Penn State Harrisburg criminal justice faculty member Shaun L. Gabbidon has become the second scholar in the college’s history to be named a Distinguished Professor by the University’s Office of the President.
Since joining the School of Public Affairs faculty and its undergraduate and graduate programs in Criminal Justice in 1999, Gabbidon has built a national and international reputation for his research and writing on criminal justice issues, including race and crime, security administration, and pedagogical issues in criminology/criminal justice.
The title of distinguished professor recognizes a select group of professors who have achieved exceptional accomplishments in teaching, research and service.
Simon Bronner, Distinguished Professor of American Studies and Folklore, was the first Penn State Harrisburg faculty member to earn the prestigious title in 1991.
“It’s exciting to be recognized (as a distinguished professor),” Gabbidon says. “Penn State has provided all the support I have needed and because of that I have been able to flourish here.” Not content to rely on past successes, he adds, “Now I just have to keep going forward.”
Steven A. Peterson, director of the college’s School of Public Affairs, said “There are a number of strong candidates for this designation at Penn State Harrisburg, but Dr. Gabbidon’s record of publications – from books to journal articles, his recognition as a scholar in his special areas of expertise, and his national visibility make him a worthy recipient. His record of publication is remarkable for someone at this stage in his career.”
Gabbidon is the author or editor of 10 books and nearly 50 peer-reviewed articles. In his most recent volume, Race, Ethnicity, Crime, and Justice: An International Dilemma, he expanded his pioneering research in the field of race and crime “to examine criminal justice issues in Great Britain, Canada, Australia, and South Africa that also resonate in the U.S.”
His 2007 book, W.E.B. DuBois on Crime and Justice was heralded as the first volume to discern the contribution to that scholar’s work to the criminal justice field. Dr. Joseph R. Feagin, a leading scholar on race and ethnicity at Texas A&M University, wrote, “Shaun Gabbidon’s book on W.E.B. DuBois and crime provides an original and innovative window into this little known area of DuBois’s research and thought. Gabbidon provides much evidence, drawing on original sources, to back up his contention that DuBois did important research on and theorizing about U.S. crime, especially as it affected Black Americans. He shows how in many ways DuBois anticipated later theories of crime in Western criminology.”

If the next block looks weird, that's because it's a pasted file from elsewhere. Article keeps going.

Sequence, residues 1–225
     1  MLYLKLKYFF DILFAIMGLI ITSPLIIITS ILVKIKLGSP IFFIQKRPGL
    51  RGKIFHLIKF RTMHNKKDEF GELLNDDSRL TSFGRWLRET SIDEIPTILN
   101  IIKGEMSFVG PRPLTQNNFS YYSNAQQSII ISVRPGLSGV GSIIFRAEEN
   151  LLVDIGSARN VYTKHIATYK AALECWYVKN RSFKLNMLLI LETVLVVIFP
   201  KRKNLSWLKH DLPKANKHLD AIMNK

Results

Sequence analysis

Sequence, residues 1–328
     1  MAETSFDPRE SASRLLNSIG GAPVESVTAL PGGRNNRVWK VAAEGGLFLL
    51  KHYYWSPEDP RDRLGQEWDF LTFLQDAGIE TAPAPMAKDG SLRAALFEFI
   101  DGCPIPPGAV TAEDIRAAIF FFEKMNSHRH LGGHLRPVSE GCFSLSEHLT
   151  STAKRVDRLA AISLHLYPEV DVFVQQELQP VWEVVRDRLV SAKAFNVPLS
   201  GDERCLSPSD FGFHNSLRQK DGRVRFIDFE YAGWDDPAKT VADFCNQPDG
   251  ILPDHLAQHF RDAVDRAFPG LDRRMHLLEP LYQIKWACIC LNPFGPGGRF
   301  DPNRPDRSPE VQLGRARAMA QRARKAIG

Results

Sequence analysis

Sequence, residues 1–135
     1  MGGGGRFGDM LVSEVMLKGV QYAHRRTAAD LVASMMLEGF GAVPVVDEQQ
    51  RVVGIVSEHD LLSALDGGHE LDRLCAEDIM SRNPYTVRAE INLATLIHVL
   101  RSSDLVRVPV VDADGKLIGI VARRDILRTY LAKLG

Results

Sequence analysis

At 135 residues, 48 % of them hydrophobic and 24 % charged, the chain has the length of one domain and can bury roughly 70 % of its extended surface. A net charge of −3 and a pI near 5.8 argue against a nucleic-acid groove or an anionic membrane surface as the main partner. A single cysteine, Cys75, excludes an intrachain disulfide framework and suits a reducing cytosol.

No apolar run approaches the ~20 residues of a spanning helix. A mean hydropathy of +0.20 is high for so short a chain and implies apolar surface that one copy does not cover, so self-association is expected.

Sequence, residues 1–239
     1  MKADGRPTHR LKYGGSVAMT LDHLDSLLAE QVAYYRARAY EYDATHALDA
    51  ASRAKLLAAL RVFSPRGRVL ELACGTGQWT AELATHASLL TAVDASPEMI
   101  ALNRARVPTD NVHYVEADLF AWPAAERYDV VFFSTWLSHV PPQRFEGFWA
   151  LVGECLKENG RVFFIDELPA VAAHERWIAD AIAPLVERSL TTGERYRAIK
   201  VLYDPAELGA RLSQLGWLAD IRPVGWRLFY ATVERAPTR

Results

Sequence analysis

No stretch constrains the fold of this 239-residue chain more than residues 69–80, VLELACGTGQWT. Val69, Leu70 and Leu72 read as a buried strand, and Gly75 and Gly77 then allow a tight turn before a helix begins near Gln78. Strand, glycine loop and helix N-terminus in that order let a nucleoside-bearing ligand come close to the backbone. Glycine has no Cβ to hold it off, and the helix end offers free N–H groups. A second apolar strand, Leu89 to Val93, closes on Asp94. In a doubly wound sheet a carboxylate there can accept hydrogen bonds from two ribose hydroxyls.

Honored numerous times for his work, Gabbidon has earned the Coramae R. Mann Distinguished Service Award presented by the American Society of Criminology and the W.E.B. DuBois Award from the Western Society of Criminology. He was also named a distinguished scholar alumni by Indiana University of Pennsylvania on the 20th anniversary of its Ph.D. program in Criminology. In 2007, Penn State Harrisburg honored him with its Excellence in Research and Scholarly Activity Award.
Distinguished professor designees must: be acknowledged leaders in their fields of research or creative activity; have demonstrated significant leadership in raising the University standards with respect to teaching, research or creative activity and service; and have demonstrated excellent teaching skills and contributed significantly to the education of students who subsequently have achieved recognition of excellence in their fields.
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